Flatten all, and adjust colors with adjustment-layers according to taste. I'm also letting the original lineart remain in some places, totally intuitively.



10. Paint! The Grand Unpredictable Adventure to Shangri La!

All the previous steps have been preparation for the grand adventure of painting. Consider everything up to this point, packing our bags, reading the maps and familiarizing ourselves with the language of some foreign, exotic and wondrous land. Now we're ready to set out on our journey :)

When I paint I have a few key goals. I aim to detail and render the focal-points. I want to define forms which aren't 3D enough. I want to reinforce the gestural and compositional flow of the subject using the direction of the brush-strokes (Claire Wendling does this beautifully in the direction of her pencil-strokes in the shadowshapes of her drawings). I want to explain materials by controlling the hardness of the edges (mainly painting with the smudge-tool). I want to add specular highlights and add a subtle atmospheric perspective. Finally I wish to enforce focal-points with Hue-intensity and Lens-focus. I also don't want it to look formulaic, although we've stuck to a formula to this point. I wish to highlight that I think it's very important that you allow yourself to deviate from the lineart at any point in the painting process. If you see something off or wrong, fix it. My painting from here on is chaotic, I jump all over the painting simultaneously, seemingly without a goal. But I have a clear vision in the aforementioned intentions. I can't and won't make this step mechanical, I need to be able to be intuitive and follow my feelings here. I need the uncertainty to find pleasure and joy in this craft.



I would like to point out that I feel having the right tools is essential. While you should be able to create a good-looking piece with rudimentary tools, it cannot be denied that the right brushes will have a massive impact on the end result. There are limitations to painting with charcoal on a cave-wall. I recommend finding the brushes that work for you on your own, but you'll get a very good start if you try out the brushes of Alexandre "Zedig" Diboine, and Shaddy Safadi. Use your google-skills to find them.

That's the best I've got for now, I've given you everything. The End. Lots of love ;)

Oh, here's a study of a piece by Auguste Rodin (kinda raunchy, no?).


And some music :)



Monday, August 11, 2014

Failures

In 2005 I joined the conceptart.org community, right about the time I started studying 3D-graphics at University. It is now but a shadow of its former self, but back then it was the best resource for artistic improvement I had ever come across. Not only did I, for the first time, get a notion of what level of art was expected of me to become a professional, but I was also introduced to the mentalities, paradigms and attitudes which it took to improve at a quicker pace. At the time, the community was built on the fundaments of helping each other grow through honest, straight forward critique. It wasn't about popularity, likes or kindness. It was brutal sometimes, completely ego-shattering, and absolutely glorious.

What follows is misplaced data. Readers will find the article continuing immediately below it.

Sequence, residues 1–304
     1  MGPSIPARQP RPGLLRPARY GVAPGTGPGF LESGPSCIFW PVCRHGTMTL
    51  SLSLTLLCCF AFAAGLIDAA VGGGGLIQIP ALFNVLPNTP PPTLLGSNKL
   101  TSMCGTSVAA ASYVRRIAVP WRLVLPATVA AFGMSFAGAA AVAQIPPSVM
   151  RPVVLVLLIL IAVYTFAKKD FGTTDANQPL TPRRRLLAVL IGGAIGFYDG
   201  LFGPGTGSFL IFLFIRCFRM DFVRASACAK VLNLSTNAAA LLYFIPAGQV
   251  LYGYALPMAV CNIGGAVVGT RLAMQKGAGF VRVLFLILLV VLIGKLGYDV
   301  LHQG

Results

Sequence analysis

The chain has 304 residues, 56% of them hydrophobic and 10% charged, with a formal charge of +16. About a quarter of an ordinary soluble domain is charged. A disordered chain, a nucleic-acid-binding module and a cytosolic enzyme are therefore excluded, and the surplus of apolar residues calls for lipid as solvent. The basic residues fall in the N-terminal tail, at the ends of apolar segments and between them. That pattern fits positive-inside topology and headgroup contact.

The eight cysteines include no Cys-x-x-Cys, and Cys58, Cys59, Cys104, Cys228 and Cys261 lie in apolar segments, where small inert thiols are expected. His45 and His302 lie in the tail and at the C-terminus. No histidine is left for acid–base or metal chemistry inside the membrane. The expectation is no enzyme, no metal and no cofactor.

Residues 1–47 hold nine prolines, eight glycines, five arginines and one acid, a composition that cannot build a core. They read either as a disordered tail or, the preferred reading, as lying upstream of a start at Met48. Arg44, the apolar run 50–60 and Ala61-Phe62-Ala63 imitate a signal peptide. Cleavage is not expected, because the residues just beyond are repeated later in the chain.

It was when I embraced failure that I started growing at a faster rate. When counter-intuitively I abandoned the idea that I had to make pretty pictures, I was free to step outside my comfort-zone and actually start improving. For me that's the best advice (besides being prolific), to start making ugly pictures. Obviously that's not desirable in a professional context, we need to be reliable and perform at a high level. But personally, at home, I still try to maintain that attitude, to not fear failure, but rather embrace it as a natural and positive part of growing. I just need to re-iterate that for myself occasionally. In addition, my sense of self-respect isn't closely linked with the quality of the pictures I make, but rather correlates closely with my self-perceived effort at practicing. Sometimes that means making ugly shit.



I'm writing this mainly as a reminder for myself, but also as a piece of advice for beginners (but I ain't no teacher, and I don't eagerly give advice, because of all the misconceptions I feel I still hold). It breaks my heart to see newbies sticking to what they think is good, and most often, the fear of failure overcomes them. I don't want to be like that. Make ugly pictures.

To follow up on these thoughts, I ought to post some really crappy things where I'm venturing far outside of my comfort-zone, but I'm afraid I've mainly done studies of some beautiful women. I'll try to do worse next time (although these are still far from anything resembling mastery).